Notes on Fuses, 1971

In the midst of developing my kinetic theater works, I began an erotic film, Fuses (1965), because no one else had dealt with the image of lovemakmg as a core of spontaneous gesture and movement. I hesitated to suddenly teach myself a complex and demand medium, but I was compelled to make this film myself, much as I had been compelled as a painter to increasingly incorporate dimensional materials: to structure found film footage and slides, to compose sounds, design electronic systems, and to train performers for my theater and environmental pieces.

Stan Brakhage's birth film of his first child, Window Water Baby Moving, was made with and of his wife, Jane. Still, it was a masculine authentication of the primal act-of-life unique to women, the result of our underlying sexual realities, which remained closeted: a dark genital mystery instead of the luminous center of our life expression.

Fuses was made as an homage to a relationship of ten years—to a man with whom I lived and worked as an equal. We are perceived through the eyes of our cat. By visualizing the cat’s point of view I was able to present our coupled images in the contexts of the rectangles and the seasons surrounding us. I also wanted to transmit fragments of a present to future time—in which the nature of the film would be constantly reappraised.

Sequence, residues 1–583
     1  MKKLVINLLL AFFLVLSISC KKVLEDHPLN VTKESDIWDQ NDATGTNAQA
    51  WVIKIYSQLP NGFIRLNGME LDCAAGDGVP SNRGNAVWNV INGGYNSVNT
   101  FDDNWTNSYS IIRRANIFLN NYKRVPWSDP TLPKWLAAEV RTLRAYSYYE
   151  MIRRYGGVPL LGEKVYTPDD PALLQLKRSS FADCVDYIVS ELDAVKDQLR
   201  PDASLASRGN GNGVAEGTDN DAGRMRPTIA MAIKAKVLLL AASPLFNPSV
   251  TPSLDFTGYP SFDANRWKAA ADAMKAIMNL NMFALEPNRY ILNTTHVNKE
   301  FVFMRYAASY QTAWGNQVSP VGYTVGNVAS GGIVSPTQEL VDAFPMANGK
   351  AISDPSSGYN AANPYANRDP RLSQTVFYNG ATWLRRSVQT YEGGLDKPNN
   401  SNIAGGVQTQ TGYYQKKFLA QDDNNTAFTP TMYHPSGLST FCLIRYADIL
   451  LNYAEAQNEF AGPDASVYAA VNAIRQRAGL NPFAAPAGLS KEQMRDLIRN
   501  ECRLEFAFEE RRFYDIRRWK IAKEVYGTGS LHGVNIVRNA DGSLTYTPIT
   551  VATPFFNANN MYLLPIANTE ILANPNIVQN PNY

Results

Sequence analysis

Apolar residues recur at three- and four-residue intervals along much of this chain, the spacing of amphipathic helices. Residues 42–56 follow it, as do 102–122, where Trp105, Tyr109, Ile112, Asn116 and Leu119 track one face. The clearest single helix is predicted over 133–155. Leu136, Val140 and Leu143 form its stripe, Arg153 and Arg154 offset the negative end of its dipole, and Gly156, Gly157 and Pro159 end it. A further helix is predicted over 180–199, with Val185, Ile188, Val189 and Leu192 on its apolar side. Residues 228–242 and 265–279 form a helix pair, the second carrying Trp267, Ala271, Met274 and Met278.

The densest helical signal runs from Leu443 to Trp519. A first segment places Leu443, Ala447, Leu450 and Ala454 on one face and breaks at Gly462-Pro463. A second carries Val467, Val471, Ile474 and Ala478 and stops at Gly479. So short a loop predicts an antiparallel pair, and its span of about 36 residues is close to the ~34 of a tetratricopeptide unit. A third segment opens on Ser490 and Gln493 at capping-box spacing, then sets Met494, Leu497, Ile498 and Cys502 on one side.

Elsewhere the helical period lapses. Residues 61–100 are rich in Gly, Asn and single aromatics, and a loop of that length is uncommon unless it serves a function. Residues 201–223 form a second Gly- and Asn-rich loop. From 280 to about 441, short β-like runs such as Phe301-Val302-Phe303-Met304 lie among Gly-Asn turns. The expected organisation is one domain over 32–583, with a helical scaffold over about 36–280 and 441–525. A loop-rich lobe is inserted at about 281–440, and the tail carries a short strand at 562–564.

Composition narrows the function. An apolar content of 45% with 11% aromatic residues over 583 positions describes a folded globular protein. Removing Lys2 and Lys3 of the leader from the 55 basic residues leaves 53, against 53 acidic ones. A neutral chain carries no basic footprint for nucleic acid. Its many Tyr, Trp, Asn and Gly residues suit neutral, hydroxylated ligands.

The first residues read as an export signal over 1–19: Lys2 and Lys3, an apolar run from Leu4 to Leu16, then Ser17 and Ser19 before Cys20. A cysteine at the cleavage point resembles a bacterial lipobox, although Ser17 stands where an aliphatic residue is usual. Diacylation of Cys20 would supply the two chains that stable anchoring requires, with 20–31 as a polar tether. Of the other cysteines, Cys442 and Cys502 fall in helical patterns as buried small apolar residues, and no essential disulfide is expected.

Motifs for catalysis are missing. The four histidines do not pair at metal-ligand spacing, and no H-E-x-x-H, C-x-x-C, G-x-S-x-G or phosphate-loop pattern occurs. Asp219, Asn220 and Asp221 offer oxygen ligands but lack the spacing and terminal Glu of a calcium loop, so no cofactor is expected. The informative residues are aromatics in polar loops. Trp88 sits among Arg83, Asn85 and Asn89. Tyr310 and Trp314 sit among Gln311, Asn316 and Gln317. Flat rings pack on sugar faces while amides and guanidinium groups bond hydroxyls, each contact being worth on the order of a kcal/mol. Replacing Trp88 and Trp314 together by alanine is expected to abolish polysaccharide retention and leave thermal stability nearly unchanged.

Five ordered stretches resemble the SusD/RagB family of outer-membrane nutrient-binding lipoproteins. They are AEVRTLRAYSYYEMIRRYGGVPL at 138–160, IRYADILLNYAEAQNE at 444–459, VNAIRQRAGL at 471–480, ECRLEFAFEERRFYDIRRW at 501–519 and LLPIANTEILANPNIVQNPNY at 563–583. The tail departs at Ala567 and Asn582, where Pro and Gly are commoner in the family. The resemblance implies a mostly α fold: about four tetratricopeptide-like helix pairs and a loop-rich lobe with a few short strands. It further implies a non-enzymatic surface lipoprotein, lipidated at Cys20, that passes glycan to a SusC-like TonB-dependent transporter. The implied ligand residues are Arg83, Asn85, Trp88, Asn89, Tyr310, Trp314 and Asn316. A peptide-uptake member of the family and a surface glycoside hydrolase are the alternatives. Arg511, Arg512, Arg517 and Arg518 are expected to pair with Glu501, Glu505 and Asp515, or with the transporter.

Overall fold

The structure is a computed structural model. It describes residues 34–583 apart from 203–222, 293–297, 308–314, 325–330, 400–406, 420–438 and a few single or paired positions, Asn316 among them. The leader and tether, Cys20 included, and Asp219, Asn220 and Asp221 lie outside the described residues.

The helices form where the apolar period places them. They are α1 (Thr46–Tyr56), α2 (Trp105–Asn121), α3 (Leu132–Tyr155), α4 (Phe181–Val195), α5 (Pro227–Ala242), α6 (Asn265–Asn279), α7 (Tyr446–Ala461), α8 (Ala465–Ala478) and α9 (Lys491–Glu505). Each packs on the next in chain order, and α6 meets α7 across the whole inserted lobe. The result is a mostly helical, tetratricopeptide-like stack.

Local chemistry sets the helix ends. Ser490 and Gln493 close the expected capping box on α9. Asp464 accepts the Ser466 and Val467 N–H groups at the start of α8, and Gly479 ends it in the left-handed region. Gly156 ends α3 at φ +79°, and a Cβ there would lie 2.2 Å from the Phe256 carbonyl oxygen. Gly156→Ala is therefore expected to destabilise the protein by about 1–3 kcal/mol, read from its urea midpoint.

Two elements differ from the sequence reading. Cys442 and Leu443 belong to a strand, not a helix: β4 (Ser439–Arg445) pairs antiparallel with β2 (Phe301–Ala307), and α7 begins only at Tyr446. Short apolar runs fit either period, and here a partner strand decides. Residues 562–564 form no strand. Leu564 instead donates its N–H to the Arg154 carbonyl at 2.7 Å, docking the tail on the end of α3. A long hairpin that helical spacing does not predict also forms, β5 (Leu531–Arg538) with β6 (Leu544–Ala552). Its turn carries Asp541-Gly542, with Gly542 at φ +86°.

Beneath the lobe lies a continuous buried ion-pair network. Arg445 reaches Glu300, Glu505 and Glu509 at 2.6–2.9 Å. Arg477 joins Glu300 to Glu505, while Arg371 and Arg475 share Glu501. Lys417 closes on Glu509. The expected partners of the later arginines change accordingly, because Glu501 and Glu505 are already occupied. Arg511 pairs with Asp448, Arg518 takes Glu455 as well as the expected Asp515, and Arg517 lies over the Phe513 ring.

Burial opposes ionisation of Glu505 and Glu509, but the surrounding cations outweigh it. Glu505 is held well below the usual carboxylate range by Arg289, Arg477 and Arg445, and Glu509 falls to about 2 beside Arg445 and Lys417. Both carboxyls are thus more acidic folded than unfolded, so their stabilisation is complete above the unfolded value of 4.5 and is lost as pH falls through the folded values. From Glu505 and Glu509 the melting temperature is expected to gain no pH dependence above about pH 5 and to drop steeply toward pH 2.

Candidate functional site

I did the filming even while I was participant in the action. There were no aspects of lovemaking which I would avoid; as a painter I had never accepted the visual and tactile taboos concerning specific parts of the body. And as a painter I was free to examine the celluloid itself: burning, baking, cutting, and painting it, dipping my footage in acid, and building dense layers of collage and complex A- and B-rolls held together with paper clips. I filmed over a period of three years using borrowed, wind-up Bolexes.

There is precise cutting between close-ups of the female and male genitals. I wanted viewers to confront identifications and attitudes toward their own and the other’s gender. Perhaps because it was made of her own life by a woman, Fuses is both a sensuous and equitable interchange; neither lover is “subject” or “object.”

After one of the first screenings of Fuses, a young woman thanked me for the film. She said she had never looked at her own genitals, never seen another woman's, that Fuses let her feel her own sexual curiosity as something natural, and that she now thought she might begin to experience her own psychical integrity in ways she had longed for. That was in 1967.